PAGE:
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Treatment starts in the prehospital setting. Patients with suspected frostbite should be rapidly warmed and transported for definitive care. Do not rewarm if refreezing is possible because this can cause more severe tissue damage. Damp or wet clothing should be replaced with warm dry coverage, and injured areas should be splinted to prevent further tissue destruction and damage. Those with suspected frostbite of the feet should not be allowed to walk, and vigorous rubbing is not recommended because of concern for exacerbating tissue injury. Care should be taken when using a stove or flames to rewarm areas because insensate extremities burn easily. If available, warm-water immersion of the affected extremity can be used.

Although frostbite itself is not usually immediately life-threatening, rewarming should be initiated immediately in the ED to inhibit further tissue injury. It is also important for the emergency physician to quickly identify and treat any acute comorbid conditions including hypothermia, diabetic ketoacidosis, and sepsis. Dry passive heating is more difficult to regulate so complete immersion of the affected area in warm (104°-108°F) water is recommended. For facial lesions, use warmed blankets and covers. Rewarming is painful, and takes approximately 15 to 30 minutes, so patients should be given adequate analgesia. Rewarmed tissue typically is red, warm, and edematous. Edematous areas should be elevated to prevent further swelling, and meticulous care should be given to pad and support the intact tissues.

Recommended management of open frostbite wounds is similar to burn therapy. Affected areas should be protected with large, noncompressive, bulky dressings. Barrier gauze should be placed between digits to prevent local compressive ischemia. Aseptic technique should be used when handling wounds, and wet wounds should be allowed to dry before application of sterile nonadherent dressings. Tetanus prophylaxis should be updated if necessary. There is no current standard recommendation for bulla treatment, but debridement of open weeping wounds, those that are very large and likely to rupture, and those that interfere with movement (over a joint under tension) may be appropriate for drainage, debridement, and wound care. Topical antibiotic ointment is not currently recommended, but intravenous antibiotics should be initiated for any suspected or obvious infection. The application of topical aloe may be helpful. (G Ital Dermatol Venereol 2009;144[1]:85.)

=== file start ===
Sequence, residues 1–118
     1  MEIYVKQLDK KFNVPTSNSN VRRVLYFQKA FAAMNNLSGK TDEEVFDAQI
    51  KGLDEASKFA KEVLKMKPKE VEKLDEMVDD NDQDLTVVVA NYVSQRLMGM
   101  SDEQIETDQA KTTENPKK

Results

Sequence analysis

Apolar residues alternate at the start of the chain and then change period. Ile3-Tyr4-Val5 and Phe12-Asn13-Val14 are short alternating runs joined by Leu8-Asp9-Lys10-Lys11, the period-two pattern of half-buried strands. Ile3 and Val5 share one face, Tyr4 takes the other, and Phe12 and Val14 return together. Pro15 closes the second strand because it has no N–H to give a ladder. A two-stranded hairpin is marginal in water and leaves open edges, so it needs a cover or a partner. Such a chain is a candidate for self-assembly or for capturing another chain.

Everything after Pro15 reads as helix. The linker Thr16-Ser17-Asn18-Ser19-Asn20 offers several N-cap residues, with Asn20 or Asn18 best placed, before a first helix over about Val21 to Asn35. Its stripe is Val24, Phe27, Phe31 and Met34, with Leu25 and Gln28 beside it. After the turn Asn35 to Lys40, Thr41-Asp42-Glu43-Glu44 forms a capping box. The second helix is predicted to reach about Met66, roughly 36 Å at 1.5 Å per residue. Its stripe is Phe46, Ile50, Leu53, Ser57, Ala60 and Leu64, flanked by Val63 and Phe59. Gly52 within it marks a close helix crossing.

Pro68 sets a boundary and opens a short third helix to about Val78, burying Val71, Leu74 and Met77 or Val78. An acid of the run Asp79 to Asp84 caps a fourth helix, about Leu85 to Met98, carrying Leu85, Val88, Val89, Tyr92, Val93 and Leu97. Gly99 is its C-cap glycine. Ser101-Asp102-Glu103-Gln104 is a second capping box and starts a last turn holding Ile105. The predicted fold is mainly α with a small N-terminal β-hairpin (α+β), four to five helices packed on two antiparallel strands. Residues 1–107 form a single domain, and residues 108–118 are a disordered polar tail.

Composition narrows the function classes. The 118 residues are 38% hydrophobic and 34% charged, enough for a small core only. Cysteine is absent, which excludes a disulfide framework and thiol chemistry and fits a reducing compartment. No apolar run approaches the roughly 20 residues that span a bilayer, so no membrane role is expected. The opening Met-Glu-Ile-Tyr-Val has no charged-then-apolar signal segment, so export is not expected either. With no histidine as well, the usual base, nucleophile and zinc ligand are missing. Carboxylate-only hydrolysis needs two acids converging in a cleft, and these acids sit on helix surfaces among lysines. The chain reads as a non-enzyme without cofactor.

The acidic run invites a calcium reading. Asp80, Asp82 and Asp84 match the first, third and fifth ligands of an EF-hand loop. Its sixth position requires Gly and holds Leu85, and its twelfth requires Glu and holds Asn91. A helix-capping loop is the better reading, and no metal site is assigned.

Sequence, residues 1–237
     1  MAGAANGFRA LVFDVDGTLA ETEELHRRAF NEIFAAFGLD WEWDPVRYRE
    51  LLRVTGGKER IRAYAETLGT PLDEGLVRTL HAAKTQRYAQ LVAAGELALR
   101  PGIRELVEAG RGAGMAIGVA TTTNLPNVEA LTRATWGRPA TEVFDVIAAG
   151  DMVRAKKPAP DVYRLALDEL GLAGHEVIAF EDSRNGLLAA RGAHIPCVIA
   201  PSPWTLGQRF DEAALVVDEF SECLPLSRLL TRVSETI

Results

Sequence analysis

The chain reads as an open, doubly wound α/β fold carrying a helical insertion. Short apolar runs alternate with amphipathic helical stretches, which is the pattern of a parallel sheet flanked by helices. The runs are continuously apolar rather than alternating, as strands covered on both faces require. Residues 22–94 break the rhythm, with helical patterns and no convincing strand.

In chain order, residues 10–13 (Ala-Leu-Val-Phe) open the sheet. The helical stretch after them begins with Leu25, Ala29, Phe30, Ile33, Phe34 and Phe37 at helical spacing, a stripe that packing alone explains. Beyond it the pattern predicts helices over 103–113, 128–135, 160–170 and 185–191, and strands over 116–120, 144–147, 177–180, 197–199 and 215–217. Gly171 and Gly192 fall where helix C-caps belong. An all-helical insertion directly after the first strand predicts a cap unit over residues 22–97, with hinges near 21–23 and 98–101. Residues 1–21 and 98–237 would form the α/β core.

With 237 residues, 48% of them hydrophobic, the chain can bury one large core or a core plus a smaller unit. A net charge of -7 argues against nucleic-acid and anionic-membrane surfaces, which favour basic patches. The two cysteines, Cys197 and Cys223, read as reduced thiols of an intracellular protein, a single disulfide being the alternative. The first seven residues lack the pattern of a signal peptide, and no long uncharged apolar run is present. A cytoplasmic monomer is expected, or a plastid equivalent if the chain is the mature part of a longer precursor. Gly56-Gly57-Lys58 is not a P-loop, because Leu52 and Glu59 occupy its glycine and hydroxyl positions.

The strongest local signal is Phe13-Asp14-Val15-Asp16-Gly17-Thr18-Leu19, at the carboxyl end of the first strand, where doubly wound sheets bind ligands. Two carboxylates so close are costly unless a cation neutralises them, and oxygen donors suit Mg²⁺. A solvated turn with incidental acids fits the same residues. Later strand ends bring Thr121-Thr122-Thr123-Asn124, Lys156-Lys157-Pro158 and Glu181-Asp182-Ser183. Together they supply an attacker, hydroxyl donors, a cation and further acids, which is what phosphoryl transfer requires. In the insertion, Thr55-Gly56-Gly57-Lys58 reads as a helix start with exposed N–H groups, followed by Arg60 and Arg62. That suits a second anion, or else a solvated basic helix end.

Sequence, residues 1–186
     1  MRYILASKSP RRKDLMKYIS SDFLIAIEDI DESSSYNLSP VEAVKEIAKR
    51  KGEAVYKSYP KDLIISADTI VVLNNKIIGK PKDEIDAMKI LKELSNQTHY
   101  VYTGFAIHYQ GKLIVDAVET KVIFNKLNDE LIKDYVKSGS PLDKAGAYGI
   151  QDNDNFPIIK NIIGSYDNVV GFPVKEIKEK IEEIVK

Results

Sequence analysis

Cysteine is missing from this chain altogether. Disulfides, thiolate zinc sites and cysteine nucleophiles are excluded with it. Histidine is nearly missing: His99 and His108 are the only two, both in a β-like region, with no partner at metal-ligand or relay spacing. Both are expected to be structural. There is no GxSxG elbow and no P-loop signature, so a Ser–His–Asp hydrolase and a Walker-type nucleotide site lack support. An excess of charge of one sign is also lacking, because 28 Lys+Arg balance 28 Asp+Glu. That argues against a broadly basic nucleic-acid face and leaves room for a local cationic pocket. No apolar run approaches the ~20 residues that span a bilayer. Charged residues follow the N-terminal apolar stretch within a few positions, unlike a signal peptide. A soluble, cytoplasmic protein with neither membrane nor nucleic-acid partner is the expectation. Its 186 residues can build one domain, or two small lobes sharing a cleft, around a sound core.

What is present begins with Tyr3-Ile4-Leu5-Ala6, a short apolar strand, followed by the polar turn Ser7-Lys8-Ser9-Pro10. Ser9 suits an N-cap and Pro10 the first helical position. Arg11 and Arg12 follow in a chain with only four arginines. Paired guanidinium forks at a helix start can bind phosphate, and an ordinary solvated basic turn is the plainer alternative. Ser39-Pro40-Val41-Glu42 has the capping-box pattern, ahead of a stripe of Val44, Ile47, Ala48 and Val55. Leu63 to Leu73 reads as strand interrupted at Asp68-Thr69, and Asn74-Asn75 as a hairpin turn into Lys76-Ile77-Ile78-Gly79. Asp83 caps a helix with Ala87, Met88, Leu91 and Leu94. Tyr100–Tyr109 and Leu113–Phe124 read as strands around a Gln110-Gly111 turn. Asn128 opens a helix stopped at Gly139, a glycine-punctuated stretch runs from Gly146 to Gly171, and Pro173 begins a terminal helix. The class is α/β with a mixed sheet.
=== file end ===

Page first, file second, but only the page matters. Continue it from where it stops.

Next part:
Because frostbite causes vascular thrombosis, tPA and heparin have been studied as a possible limb or digit salvage techniques. Two studies utilizing the medications have shown promise (reduced amputations). (J Trauma 2005;59[6]:1350, 1354; Arch Surg 2007; 142[6]:546, 551.) This is not considered standard of care, but with only rewarming as therapy, it may be reasonable to use intraarterial tPA proximal to the injury in the distal extremity in patients at risk for limb ischemia who presents\ within 24 hours of acute injury and who have no contraindications to antithrombotic therapy. Severe frostbite results in localized ischemia and often creates a line of demarcation between viable and nonviable tissue used to guide the location of surgical amputation, usually within two to four weeks after initial insult.

Nonsteroidal anti-inflammatory medications, hyperbaric oxygen (Burns 2001;27[4]:404), and vasodilatory medications including pentoxifylline (Indian J Med Res 2002;116:29) have been evaluated with some success.

This patient was started on empiric antibiotics, evaluated by surgery, and admitted for amputation of the involved foot.

© 2009 Lippincott Williams & Wilkins, Inc.